The vessel—her name I do not recollect—kept standing up the bay until she touched upon a sand-bank, about three miles off, when Mr. Batman and Mr. Wedge, who were on board; left her in a boat; and, in order to prepare for their landing in safety, I went up to the native camp, and addressed the tribes as to the conduct they should pursue; The gentlemen I have named, on coming up to where we were—whites and black—appeared to be very much astonished at seeing me, and at my height, as I rose at their approach. There was a person named Gunn, who had been left in charge of the party during their absence, and he soon explained who I was, and other matters. Mr. Batman asked me many questions, and I told him I arrived in a ship, the name of which I had forgotten; and, as I thought, about twenty years before—but that I could only guess, having lost all recollection of time? He then asked me if I would remain altogether with his party, and what presents it would be most advisable to give the natives? The first artide I recommended was bread; so the boat was immediately sent off for two bags of biscuits, and these were distributed at a great Corrobberree we had that night; which entertainment—if it may be so called—very much delighted the visitors.
My task now was to keep alive the good understanding which existed; in that I succeeded: and in the mean time, the vessel had floated off the sand-bank and we landed from her, provisions, blacksmiths', carpenters', and other tools.
As Mrs. Batman with her family had arrived in the vessel, they were landed also, as soon as the best accommodations that could be prepared had been made ready for their reception.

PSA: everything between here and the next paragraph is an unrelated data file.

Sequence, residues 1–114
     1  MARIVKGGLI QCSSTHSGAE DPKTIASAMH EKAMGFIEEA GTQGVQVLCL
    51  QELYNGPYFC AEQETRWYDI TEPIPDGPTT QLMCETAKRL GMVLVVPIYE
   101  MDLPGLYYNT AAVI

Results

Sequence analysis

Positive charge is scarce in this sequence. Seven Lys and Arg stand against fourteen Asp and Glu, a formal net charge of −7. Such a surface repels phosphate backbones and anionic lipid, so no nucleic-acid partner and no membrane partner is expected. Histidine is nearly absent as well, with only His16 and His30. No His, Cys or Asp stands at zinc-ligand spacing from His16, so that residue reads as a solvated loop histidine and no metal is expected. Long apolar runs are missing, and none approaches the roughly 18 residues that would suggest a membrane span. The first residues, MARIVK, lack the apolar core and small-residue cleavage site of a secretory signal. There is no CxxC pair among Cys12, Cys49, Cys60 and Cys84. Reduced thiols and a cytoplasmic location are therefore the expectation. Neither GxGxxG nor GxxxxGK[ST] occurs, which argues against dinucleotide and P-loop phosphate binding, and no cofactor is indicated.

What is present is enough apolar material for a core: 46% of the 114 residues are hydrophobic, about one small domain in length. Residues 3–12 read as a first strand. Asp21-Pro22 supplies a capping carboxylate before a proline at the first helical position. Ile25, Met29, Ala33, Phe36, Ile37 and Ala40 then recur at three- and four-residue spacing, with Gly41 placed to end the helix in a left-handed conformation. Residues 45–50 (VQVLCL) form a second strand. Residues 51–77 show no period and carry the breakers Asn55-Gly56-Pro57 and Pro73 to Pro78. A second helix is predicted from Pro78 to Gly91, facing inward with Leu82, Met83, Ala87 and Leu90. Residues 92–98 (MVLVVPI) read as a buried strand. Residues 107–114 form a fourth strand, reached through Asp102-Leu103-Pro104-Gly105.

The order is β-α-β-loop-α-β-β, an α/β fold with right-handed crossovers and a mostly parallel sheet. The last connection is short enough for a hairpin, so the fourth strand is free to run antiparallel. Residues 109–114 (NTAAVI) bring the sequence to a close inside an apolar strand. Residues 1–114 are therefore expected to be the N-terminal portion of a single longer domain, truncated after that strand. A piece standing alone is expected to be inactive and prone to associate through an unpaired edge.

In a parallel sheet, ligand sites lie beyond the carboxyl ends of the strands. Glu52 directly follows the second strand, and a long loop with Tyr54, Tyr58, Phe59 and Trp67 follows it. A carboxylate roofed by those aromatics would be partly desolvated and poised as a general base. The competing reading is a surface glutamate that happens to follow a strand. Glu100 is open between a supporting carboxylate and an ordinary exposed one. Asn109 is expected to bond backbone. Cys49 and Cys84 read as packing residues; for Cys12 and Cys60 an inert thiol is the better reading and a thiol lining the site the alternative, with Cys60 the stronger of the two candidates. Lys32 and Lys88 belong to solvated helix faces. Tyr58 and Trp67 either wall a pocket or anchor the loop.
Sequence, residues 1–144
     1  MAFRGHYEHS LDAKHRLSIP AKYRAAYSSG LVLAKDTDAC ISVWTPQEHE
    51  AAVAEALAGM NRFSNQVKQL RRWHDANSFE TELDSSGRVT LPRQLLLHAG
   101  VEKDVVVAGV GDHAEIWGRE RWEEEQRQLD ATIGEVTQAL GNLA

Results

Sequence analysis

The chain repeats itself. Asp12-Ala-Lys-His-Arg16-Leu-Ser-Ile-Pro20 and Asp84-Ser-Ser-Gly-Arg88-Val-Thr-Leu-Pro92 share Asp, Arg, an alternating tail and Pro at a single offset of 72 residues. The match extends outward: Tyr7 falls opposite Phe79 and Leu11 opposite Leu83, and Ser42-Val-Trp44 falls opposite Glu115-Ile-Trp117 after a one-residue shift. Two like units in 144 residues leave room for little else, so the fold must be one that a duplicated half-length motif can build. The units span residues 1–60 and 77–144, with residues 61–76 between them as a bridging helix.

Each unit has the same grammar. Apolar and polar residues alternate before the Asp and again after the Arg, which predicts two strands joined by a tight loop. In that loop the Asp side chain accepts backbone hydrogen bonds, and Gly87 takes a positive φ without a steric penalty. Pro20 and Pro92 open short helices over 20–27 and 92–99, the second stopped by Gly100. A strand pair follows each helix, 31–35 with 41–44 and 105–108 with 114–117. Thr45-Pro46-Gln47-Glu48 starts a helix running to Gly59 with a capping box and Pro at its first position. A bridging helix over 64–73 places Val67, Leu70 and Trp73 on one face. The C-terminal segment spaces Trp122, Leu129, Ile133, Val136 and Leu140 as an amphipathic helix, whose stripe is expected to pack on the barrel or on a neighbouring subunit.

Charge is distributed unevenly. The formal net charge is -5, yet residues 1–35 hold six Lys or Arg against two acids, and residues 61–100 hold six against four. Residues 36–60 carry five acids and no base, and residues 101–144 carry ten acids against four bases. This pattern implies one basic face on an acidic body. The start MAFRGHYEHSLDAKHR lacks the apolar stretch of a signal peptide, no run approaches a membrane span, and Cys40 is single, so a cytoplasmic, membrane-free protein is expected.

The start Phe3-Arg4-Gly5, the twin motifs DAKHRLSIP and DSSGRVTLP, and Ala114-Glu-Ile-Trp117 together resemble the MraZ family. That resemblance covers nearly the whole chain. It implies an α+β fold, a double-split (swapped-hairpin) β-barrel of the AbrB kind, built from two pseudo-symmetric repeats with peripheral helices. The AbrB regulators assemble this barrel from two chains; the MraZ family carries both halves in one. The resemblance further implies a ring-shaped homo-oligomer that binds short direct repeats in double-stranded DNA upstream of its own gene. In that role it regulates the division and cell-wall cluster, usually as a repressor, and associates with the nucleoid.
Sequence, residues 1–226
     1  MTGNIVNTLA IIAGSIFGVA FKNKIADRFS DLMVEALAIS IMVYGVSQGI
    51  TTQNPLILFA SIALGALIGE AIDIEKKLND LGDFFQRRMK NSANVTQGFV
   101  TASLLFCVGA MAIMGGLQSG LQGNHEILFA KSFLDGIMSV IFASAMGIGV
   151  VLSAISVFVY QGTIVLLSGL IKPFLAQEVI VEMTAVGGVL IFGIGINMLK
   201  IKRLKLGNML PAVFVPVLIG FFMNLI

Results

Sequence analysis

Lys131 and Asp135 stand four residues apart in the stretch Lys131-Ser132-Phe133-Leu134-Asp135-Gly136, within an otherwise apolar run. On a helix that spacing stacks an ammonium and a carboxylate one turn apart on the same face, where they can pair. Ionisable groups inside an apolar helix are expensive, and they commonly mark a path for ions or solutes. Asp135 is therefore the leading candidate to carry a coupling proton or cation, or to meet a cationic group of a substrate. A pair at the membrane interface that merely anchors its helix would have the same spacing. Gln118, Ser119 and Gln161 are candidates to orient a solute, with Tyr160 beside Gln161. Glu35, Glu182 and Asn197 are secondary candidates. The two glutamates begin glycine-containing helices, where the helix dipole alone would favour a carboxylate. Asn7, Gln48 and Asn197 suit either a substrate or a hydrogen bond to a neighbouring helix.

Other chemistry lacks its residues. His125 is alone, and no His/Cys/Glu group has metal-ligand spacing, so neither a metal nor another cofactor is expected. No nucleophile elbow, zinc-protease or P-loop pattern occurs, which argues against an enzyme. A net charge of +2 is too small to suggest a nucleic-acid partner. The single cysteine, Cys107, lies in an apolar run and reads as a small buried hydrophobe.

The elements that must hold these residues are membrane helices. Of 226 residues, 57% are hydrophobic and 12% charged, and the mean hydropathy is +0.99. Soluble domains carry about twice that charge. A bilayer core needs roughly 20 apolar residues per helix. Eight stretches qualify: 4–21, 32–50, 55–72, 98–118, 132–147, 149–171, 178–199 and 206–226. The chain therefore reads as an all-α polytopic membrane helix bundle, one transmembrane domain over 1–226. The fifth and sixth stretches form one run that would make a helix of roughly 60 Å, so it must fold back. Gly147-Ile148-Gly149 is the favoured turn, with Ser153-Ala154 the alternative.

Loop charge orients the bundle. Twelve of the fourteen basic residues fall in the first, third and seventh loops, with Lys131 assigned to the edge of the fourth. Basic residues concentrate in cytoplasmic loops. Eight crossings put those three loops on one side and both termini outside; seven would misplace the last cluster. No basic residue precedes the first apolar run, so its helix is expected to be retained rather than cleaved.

The brig sailed the following day, leaving Messrs. Batman, Wedge, and the whole party behind making permanent arrangements for a settlement.To Mr. Wedge I had fully explained all the circumstances of my case, and my anxiety about my position, an a runaway from the Calcutta. That gentleman said he would represent them in the most favourable light to Lieutenant-Governor Arthur, so that I might feel safe in returning to Van Diemen's Land; for I was resolved on not doing so as a prisoner, after so many years' suffering. Mr. Wedge kindly promised to use all the interest he had to procure me a free pardon; and go I waited the next arrival of the vessel, employing myself in the meantime as an Interpreter, and as the friend of both parties, seldom leaving the camp, in ease any unfortunate dispute might arise during my absence.
At length Mr. Wedge expressed a wish that I should accompany him on an exploring excursion inland; so we started with two others, and three of the Sydney blacks, reaching Keingeang (as the natives called an extensive lake) the first night; and the next day Booneewang, a rising ground of considerable height, from whence may be seen a great extent of country. Mr. Wedge here took some sketches, and I pointed out to him the falls, near a place called Woorongo, where I had caught a vast quantity of eels. Of these falls he also took a view, calling them Buckley's Falls, out of compliment to me. We passed, the next day and the following, over a great extent of fine country; now jotted with the homesteads of many an industrious and wealthy settler.